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recessions. if the stock market growth by 10% you can expect unemployment to be three percentage points higher than it would have been in the absence of the drop. that raises -- joe: is it a predictor of what happens with employment rate or does it actually cause it? to management of companies, does it cause the decline? guest: that is a really good question. imagine 2 scenarios. one would be imagine that you watch the weather forecast every night. that helps you decide whether or not to take up the umbrella. statistically the weather forecast predicts the weather. it would be much help if you wanted to change the weather. someone dropsio, a cigarette but in the forest in
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the middle of a dropper that could lead to a forest fire. dropping it caused the forest fire. in that case, you have a significant explanation which is change. i believe the stock market, unlike what other believe, is not like the weather forecast, it is like the cigarette in the fourth. as you allude to, the reason is a wealth of fact. scarlet: can you delve into that more? people end up lose -- losing money they are not spending? guest: exactly right. ,f you are a 65 euro couple your 401(k) drops by 10% and goes back up again the next day, you're not wait to do much. if it drops by 10% and stays down for three or four months you might decide not to take that cruise you are going to take. you might decide you can't afford to put money into your
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grandchild's college fund. you're going to cut back on spending. challenge. joe: what do you know, what can you say about what we are about to see in the economy? we have had a lot of volatility. some say we are in a bear market, at least large sections have declined quite a bit. do you see rough times ahead due to what we have seen since august? guest: things have been flat for a while since the end of qe3. the markets have been bouncing around a lot. i think a lot depends on whether declines remain consistent, whether the market comes back up again. i don't see other signs of a .ecession it is not looking good.
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i would be very much on hold at the moment. look at a chart that encompasses the last couple of years with the fed and its stimulus, what roger has noticed is you have the stock market stalling here as the fed pursued different forms of this quantitative easing. the market basically stalled. one popular idea, the stock market is dealing with the aftereffects of stopping is quantitative easing program. guest: i think that is correct. if that were to happen it would be a bad sign. we are waiting of course to find out what happens with interest rate policy moving forward. alix: thank you for joining us. great insight. scarlet: coming up, janet yellen
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reiterated it the idea to raise rates gradually. a quick look at the shares of three big tech names. risingaining, cisco earnings and profit, beating estimates. ♪
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scarlet: it's time for the bloomberg business flash. eda forill buy m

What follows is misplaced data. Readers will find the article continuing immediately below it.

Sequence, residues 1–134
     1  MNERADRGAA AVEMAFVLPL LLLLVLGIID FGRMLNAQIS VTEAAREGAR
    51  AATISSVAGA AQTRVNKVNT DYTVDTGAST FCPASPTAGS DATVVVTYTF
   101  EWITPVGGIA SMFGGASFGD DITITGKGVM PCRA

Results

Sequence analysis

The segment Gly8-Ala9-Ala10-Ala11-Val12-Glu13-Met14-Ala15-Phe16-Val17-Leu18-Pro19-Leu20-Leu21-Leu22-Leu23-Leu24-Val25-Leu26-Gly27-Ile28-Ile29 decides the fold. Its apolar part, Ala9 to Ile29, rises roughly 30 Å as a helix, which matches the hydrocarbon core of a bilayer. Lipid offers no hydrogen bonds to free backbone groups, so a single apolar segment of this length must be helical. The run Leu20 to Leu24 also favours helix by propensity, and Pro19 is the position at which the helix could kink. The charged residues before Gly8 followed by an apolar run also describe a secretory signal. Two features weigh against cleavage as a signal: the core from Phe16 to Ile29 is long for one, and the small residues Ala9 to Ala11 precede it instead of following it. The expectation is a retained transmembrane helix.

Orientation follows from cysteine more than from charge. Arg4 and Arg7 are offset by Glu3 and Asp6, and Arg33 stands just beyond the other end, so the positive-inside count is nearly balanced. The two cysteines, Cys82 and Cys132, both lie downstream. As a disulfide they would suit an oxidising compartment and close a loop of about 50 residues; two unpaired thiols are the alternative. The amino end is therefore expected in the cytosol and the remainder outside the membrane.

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$9.9 billion. they first tried to acquire it in 2014 and the offer was rejected. shares falling in the after-hours trade. alix: tesla posting earnings that missed at smits. $.87 a share. analysts jacketed a 10 since per-share. predicted it to be at $.10 per share. scarlet: and twitter growth is flat, down 3.6%. 20 monthly users -- 320 million monthly users. that is your bloomberg business flash. let's move ahead. yellen's testimony to congress earlier today, she remained dovish and suggested they may delay rate increases, not abandon them. like i don't think it's going to
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be necessary to cut rates but monetary policy is not on a preset course. that that would be necessary, the f one c would do what is needed to achieve our goals congress has assigned us. scarlet: now the three main takeaways from her speech. the possibility of a fed rate cut -- we were thinking along those lines. it has been steadily increasing. guest: it's interesting how high the probability has gotten. workan go on our great function and make these charts yourself. we are not seeing a greater than 30% probability that the fomc cut its rates by its september meeting which would have been unheard of by a few weeks ago. you heard her say that we don't
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anticipate we're going to have to cut rates but monetary policy is on a preset course. alix: there were all these charts going around of the central bank's around the world that tried to get on zero and went back. everyone said this is her worst nightmare. markets think she will not be able to avoid that. guest: it is tough. only one central bank has done it, that was the fed and they needed road were two to do it. alix: another sign, if you take a look at the curve for euro dollars, how much you can borrow in dollars. that break significantly coming down. guest: this chart is striking. you can see the red line was where we're at it the end of 2013. it came down a lot in 2014 and in 2015 it came down a bit more.